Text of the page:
phishing scams

8 ways to fight phishing: How to protect against phishing scams?

All of us who use the Internet have suffered phishing scams and attacks: fake emails from a seemingly reliable source, designed to convince us to click on a malicious link, reveal confidential information, or give unauthorized access to a system. CyberArk has published 8 tips to avoid falling for this phishing.

  • Choose your friends wisely. This is solid advice in real life, and even more critical in the digital world. If you receive a LinkedIn message or Instagram friend request from someone you don’t know, don’t reply, accept or click on any links in the message… which brings us to tip #2.
  • Do not click on hyperlinks. Never click on a link from an unverified source. And remember that even emails sent from known sources can lead to problems: malware, ransomware, and viruses can spread by scanning your device for other email addresses, then being sent to those email addresses in messages supposedly “sent” by you.
  • Urgent? Not so fast… Many phishing scams emails and messages attempt to create a sense of urgency, making the recipient fear that their account or information is in jeopardy. Here’s a real example from the Federal Trade Commission: “Our records indicate that your account has been overcharged. You must call us within 7 days to receive your refund.” If you receive a suspicious email that appears to come from someone you know, contact that person directly. If the email comes from an organization but still looks “fake”, contact them through customer service to verify the communication.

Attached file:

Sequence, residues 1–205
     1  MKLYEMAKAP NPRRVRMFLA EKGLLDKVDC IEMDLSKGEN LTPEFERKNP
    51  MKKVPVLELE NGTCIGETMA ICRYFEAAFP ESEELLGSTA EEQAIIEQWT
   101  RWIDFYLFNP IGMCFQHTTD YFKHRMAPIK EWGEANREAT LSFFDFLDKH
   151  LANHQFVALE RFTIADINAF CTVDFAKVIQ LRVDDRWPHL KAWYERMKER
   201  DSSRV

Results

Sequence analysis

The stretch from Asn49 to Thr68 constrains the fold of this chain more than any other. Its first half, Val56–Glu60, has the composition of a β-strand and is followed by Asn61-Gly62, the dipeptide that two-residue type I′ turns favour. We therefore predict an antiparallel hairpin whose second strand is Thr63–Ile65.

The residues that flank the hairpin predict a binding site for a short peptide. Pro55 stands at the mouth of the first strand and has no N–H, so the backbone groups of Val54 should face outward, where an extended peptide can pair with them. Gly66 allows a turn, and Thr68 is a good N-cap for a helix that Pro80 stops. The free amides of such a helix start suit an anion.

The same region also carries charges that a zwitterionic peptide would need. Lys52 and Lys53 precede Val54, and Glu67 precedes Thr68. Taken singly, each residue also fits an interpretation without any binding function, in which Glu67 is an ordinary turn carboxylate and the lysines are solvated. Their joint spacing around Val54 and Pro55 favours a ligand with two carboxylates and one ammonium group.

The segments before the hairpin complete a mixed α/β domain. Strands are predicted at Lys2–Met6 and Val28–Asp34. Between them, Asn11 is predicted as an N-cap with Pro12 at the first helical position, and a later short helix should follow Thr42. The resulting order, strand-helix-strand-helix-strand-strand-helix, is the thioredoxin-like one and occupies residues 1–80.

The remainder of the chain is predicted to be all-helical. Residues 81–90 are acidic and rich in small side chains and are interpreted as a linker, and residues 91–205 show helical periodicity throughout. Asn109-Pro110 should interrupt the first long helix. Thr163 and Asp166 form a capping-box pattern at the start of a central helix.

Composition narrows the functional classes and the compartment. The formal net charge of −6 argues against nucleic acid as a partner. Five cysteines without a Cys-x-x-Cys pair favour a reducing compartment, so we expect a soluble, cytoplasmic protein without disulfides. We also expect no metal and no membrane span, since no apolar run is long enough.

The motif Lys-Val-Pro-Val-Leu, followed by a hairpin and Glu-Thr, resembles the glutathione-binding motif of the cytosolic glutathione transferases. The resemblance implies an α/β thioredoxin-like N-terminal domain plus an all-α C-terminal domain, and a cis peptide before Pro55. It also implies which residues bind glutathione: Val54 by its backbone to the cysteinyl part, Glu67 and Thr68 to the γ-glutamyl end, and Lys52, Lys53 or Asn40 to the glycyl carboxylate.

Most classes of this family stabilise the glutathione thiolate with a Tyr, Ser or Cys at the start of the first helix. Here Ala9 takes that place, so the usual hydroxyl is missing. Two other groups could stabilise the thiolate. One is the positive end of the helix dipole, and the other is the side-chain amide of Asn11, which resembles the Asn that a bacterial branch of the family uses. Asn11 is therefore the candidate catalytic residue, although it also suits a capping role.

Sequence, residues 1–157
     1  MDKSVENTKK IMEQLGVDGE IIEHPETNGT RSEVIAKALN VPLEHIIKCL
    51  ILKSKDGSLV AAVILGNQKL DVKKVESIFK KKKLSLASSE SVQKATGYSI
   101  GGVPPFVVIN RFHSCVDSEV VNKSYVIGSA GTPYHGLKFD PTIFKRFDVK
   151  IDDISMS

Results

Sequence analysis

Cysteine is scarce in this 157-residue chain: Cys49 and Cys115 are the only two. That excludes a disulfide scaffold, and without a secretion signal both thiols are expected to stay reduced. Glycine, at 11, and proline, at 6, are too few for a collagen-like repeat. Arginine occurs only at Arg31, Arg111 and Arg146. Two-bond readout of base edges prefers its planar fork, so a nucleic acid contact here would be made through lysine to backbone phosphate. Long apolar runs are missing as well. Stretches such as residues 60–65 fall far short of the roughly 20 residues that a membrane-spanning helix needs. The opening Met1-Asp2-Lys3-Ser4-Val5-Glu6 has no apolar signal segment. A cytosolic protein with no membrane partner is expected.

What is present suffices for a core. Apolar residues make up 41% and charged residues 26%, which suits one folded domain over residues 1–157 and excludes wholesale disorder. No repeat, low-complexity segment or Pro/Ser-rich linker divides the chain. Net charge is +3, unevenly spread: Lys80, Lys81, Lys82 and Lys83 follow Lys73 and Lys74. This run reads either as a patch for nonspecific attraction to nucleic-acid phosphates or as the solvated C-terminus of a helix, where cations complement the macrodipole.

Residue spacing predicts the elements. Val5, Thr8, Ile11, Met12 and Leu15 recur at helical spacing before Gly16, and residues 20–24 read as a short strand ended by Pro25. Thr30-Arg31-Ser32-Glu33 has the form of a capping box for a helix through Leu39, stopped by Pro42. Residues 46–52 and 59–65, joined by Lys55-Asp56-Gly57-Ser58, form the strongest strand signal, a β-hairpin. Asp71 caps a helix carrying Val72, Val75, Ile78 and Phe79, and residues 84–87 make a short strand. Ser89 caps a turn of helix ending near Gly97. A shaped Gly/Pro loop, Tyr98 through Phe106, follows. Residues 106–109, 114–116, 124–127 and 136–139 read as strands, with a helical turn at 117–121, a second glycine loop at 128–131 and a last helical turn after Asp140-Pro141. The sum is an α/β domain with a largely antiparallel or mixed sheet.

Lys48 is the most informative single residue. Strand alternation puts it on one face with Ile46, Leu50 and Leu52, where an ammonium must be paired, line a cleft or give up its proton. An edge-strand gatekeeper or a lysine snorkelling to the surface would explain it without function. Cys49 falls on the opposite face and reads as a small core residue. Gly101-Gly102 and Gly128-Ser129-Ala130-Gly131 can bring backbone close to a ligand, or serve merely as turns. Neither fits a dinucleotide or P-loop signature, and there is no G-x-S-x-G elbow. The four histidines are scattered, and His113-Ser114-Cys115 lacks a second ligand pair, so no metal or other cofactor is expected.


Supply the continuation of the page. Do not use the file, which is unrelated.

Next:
• Stay away from that personality quiz and think twice before posting that update. Social media quizzes are a fun way to kill time (who doesn’t want to meet their celebrity doppelganger?), but they’re also a great way for attackers to get their hands on your personal data. By taking a seemingly harmless quiz, you can reveal things like your full name, birthday, or employer. The same advice applies to your regular social media posts: think twice before posting too much. Cybercriminals can use all this personal information to take advantage of you. What’s more, you could be handing them the answers to your security and password recovery questions.
  • Disable location sharing whenever possible. Attackers can use location-sharing information to craft phishing messages that look very timely and relevant. For example, your location is embedded as metadata in every photo you take with your phone. Turn off location services when you’re not using them to make it harder for hackers to see this information.
  • Protect your personal computers and cell phones. US-CERT recommends installing antivirus software and personal firewalls on your personal devices and making sure they are configured to receive automatic updates. It is also essential to keep professional and personal use separate, especially if you work remotely: don’t use your corporate device for convenience to surf the Internet, shop online, browse social networks or check personal email.
  • Regain control of your spam folder. Although not all messages that fall through your spam filter are phishing scam emails, many of them are. Spend some time this month cleaning up your junk mail (or set up filters to keep junk out of your inbox). Check out this helpful list from CISA on how to reduce spam and say goodbye to those fake business opportunities, chain letters, and too-good-to-be-true diet scams.
  • Protect your online accounts with Multifactor Authentication (MFA). According to National Institute of Standards and Technology (NIST) guidelines, the passwords and passphrases you use should be as long and complex as possible, and never use them on more than one site. But if you think passwords alone will protect you, think again. Many digital accounts, such as email, online banking, and social networking, offer the option to enable MFA to add an extra layer of protection to the login process. MFA usually combines at least two of the following:

  • Something you know: a password, a PIN, or the answer to a security question
  • Something you have: a mobile device
  • Something you are: a fingerprint or facial recognition